WS27 Summary Report: Bioenergy and Sustainable Development – Climate Change Mitigation and Opportunities for Sustainability Co-Benefits
IEA Bioenergy held its biannual workshop on 23-24 May 2022 in conjunction with its Executive Committee meeting (ExCo89).
The workshop on ‘Bioenergy and Sustainable Development’ was held in virtual form and was organised in collaboration with the Global Bioenergy Partnership (GBEP) and the Biofuture Platform.
The workshop consisted of two separate sessions:
1. Bioenergy and climate change mitigation
2. Sustainability co-benefits of bioenergy beyond climate
Each session consisted of keynote presentations, followed by a panel discussion.
Summary report: ExCo89 Workshop – Summary Report
Bioenergy will make an important contribution to climate change mitigation; it represents between 15 and 30% of primary energy supply 2050 in global scenarios that limit warming to 1.5°C. The relative importance of different bioenergy options varies depending on the anticipated development for other non-bioenergy options. Apart from waste and residues, biomass from dedicated cultivation systems will also be needed as bioenergy feedstock.
Deep reductions in net GHG emissions are needed in the coming decades to limit the rate of warming and peak temperature. Carbon dioxide removal (CDR) from the atmosphere can contribute to these near-term objectives and will in addition be unavoidable to counterbalance hard-to-abate residual emissions to reach net-zero emission targets. Bioenergy combined with carbon capture and storage (BECCS) is one of the key CDR options.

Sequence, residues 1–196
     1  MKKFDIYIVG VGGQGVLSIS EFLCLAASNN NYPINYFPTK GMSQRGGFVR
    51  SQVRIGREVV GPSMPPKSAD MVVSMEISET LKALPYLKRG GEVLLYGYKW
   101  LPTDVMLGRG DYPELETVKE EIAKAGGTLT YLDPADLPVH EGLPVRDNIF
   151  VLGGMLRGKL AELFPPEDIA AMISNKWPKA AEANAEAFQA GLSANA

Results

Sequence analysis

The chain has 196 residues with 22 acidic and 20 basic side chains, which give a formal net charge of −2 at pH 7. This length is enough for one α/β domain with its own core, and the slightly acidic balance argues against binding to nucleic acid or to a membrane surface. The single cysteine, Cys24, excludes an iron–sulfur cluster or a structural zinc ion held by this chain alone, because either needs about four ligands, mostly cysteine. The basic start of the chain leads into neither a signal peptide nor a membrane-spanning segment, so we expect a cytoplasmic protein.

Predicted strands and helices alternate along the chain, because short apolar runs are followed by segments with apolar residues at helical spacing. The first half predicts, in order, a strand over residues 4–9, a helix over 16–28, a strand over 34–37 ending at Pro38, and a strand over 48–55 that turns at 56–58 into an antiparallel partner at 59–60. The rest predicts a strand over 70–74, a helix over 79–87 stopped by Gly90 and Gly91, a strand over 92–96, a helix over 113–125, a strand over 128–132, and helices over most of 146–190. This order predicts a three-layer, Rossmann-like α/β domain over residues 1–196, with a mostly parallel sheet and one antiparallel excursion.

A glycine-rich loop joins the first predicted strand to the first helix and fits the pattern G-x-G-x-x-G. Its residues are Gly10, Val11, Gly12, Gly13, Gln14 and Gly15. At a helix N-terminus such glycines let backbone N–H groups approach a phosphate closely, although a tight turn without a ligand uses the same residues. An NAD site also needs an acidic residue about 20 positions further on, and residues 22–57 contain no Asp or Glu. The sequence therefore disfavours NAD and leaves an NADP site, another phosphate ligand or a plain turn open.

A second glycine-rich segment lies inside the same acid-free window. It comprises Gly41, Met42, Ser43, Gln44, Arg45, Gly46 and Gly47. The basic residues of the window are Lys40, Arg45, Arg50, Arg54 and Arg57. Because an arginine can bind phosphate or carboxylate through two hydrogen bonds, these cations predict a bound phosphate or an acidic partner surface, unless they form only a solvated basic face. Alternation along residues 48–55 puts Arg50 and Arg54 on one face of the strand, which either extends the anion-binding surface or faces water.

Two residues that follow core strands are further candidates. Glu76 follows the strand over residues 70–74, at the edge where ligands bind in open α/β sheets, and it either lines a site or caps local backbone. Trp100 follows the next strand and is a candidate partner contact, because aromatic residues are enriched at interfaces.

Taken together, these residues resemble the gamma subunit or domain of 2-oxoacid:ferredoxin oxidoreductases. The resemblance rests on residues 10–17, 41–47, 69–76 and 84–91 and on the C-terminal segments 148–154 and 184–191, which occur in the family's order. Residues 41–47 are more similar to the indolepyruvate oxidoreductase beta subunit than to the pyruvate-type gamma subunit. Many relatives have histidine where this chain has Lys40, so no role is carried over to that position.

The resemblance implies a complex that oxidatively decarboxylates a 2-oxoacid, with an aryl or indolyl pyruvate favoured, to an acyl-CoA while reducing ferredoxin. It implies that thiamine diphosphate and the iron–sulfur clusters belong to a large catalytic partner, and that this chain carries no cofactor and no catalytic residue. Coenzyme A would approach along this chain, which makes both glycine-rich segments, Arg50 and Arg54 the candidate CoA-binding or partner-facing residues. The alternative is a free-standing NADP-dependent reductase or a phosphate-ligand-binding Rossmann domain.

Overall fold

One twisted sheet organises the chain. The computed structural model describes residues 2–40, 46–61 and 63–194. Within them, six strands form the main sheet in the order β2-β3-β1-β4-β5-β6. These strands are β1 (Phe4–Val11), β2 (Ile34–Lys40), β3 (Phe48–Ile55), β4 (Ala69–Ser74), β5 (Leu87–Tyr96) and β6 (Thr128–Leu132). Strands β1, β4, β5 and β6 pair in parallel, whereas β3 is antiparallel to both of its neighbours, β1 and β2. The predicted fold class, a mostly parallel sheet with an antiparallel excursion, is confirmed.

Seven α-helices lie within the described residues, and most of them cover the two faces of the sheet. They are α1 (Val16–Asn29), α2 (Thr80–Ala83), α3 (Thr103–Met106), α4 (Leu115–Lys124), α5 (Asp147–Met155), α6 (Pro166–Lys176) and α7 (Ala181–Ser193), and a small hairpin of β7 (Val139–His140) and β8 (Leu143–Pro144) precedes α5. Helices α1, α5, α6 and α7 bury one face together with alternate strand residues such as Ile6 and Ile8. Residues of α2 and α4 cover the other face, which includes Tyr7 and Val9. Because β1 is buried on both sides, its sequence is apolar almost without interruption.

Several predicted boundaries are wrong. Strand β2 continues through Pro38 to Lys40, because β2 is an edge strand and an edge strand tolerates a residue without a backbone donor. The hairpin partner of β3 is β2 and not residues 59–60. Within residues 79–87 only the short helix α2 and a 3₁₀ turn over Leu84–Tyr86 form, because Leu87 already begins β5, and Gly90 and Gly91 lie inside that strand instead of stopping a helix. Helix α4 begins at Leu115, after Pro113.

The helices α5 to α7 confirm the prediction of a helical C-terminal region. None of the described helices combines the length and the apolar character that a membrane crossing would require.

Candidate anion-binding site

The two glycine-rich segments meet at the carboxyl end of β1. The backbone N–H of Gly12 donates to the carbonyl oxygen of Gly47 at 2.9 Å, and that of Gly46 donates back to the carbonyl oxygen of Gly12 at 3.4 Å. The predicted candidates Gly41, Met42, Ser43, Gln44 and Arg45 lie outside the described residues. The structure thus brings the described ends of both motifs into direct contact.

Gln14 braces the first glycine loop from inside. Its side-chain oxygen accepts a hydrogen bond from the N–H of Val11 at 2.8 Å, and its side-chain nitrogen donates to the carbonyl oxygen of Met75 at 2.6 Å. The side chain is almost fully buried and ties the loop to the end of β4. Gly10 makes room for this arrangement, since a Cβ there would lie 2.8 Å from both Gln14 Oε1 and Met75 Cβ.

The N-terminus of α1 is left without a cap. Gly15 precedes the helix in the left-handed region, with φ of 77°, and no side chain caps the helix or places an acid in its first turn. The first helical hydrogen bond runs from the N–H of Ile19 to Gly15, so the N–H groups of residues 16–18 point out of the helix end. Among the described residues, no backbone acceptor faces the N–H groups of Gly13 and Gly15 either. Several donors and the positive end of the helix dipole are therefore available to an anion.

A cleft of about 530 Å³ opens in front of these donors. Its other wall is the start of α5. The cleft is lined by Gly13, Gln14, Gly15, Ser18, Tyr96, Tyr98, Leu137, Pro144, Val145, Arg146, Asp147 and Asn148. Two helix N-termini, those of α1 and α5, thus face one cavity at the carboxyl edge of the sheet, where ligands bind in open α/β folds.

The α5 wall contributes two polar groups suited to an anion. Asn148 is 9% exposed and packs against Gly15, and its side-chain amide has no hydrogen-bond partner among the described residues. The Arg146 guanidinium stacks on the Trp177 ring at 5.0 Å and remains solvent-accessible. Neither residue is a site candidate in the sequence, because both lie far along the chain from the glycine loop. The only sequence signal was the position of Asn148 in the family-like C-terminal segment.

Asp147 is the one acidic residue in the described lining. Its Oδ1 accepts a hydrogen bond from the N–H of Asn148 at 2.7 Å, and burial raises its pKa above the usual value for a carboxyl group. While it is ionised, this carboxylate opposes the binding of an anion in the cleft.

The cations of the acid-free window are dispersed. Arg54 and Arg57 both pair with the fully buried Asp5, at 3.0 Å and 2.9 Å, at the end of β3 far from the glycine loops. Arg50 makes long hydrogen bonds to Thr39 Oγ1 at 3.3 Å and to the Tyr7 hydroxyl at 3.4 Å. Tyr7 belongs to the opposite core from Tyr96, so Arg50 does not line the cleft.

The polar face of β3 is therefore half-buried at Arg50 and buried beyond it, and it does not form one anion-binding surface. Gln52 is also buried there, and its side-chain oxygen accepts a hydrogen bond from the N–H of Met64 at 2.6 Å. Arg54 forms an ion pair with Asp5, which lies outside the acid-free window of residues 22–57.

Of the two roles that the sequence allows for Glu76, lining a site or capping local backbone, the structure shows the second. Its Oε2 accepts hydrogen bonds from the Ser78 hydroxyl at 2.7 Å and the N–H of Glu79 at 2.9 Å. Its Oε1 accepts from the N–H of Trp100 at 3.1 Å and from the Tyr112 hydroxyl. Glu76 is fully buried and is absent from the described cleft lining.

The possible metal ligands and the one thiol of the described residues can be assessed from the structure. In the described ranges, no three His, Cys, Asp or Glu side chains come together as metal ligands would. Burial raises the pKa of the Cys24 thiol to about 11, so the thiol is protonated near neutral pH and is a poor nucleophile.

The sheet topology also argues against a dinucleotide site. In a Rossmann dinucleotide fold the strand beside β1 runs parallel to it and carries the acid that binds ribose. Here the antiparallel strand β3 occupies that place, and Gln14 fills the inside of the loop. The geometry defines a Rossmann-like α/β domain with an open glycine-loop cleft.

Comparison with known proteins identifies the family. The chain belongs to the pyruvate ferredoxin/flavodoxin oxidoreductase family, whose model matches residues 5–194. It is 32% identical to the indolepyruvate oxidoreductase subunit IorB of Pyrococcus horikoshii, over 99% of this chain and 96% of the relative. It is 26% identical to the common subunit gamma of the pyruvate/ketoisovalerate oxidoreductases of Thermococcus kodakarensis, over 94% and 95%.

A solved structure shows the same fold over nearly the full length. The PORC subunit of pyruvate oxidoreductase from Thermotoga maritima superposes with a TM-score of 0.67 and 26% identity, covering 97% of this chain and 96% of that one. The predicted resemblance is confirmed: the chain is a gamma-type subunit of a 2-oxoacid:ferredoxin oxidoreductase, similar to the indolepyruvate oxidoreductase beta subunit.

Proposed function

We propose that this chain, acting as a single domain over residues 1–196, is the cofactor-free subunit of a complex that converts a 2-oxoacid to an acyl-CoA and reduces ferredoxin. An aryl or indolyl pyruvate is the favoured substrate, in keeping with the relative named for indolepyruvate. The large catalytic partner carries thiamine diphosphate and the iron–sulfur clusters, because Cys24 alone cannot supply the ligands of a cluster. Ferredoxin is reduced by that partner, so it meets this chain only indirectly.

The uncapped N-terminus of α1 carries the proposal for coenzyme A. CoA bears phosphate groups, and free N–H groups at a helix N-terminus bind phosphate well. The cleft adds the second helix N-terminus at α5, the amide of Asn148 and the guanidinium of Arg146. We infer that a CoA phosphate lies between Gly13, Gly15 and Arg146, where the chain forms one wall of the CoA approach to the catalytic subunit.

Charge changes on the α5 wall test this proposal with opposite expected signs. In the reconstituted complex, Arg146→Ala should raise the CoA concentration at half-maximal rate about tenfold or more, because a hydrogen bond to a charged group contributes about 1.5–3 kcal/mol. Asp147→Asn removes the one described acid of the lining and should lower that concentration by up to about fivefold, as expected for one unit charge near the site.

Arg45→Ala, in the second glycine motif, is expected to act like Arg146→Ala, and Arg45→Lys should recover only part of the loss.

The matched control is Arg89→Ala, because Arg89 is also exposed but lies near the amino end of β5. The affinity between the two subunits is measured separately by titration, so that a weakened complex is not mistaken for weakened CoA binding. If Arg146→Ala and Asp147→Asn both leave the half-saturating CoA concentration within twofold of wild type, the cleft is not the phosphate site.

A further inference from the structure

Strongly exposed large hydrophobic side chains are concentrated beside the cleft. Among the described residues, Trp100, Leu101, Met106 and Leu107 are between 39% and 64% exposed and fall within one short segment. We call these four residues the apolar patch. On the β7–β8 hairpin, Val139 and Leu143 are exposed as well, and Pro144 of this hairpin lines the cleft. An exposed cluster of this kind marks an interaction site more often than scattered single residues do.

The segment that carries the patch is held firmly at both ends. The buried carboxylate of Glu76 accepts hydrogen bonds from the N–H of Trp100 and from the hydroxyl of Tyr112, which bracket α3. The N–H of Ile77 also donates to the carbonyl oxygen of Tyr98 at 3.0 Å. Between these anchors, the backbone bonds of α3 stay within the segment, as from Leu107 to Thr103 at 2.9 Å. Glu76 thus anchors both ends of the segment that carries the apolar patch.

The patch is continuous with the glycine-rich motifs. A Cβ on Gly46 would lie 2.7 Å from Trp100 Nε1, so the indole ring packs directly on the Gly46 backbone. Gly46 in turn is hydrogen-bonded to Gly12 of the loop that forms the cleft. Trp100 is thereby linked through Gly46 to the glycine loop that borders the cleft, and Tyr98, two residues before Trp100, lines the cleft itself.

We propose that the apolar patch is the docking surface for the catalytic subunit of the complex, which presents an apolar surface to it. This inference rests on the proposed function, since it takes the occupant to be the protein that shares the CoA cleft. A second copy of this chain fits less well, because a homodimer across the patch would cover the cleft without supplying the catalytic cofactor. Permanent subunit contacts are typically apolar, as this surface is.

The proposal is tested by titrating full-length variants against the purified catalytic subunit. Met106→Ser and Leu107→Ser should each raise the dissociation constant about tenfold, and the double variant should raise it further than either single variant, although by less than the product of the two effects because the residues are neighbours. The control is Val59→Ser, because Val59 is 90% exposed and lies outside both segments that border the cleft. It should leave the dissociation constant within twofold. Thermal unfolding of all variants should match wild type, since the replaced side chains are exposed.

As for other products and human activities, judging bioenergy’s sustainability requires consideration of a wide range of factors which can be context specific, such as climate and soil conditions, previous land use, biomass feedstock and land management practice, and socioeconomic conditions. Bioenergy is inherently multi-faceted and commonly part of land-based systems that provide multiple products along with other ecosystem services.
Apart from climate change mitigation, bioenergy systems and biomass supply chains can have important environmental and socio-economic co-benefits that can be important motivation for bioenergy deployment. There can also be trade-offs, e.g., with food production and biodiversity, which need to be managed in environmentally and socially sustainable ways through good governance practice.
There are important opportunities for developing countries to shift away from traditional bioenergy and fossil fuels towards modern, sustainable bioenergy as part of a circular economy approach. This can provide opportunities for land-use diversification and employment creation, reduce health problems related to air pollution, and support restoration of degraded lands.
Energy crops can be grown as part of integrated agricultural production systems, such as double cropping, intercropping and agroforestry approaches, or on abandoned, marginal or degraded lands. Integrated land management in agriculture deserves more attention in policy making as well as global modelling studies.
Multifunctional perennial bioenergy crops can be part of improved land and water management practices, adapted to different goals. With relatively minimal intervention, substantial ecosystem benefits can be achieved such as a reduction in eutrophication, soil erosion, and soil carbon losses.
Forest management – including harvesting and managing stem densities and species composition – contributes to rejuvenation and reduced risk of wildfires. Management helps maintain forest growth, allowing sustained harvesting, and managed forests have proven in several locations (e.g., in boreal regions) to perform better than unmanaged forests concerning both carbon stocks and carbon accumulation rate. While the contribution of old forests to net emissions reduction may be small, their conservation may be motivated for other reasons, not the least biodiversity protection.
Communicating on good practice, good governance and win-win approaches is key! We need to inform policy makers how policy design and governance can manage trade-offs, and highlight good practice examples that contribute benefits like rural job creation, supporting ecosystems and creating a local alternative for fossil fuels. Messages should be simple and should connect good practices and good governance approaches with local conditions, in language that is meaningful to the audience.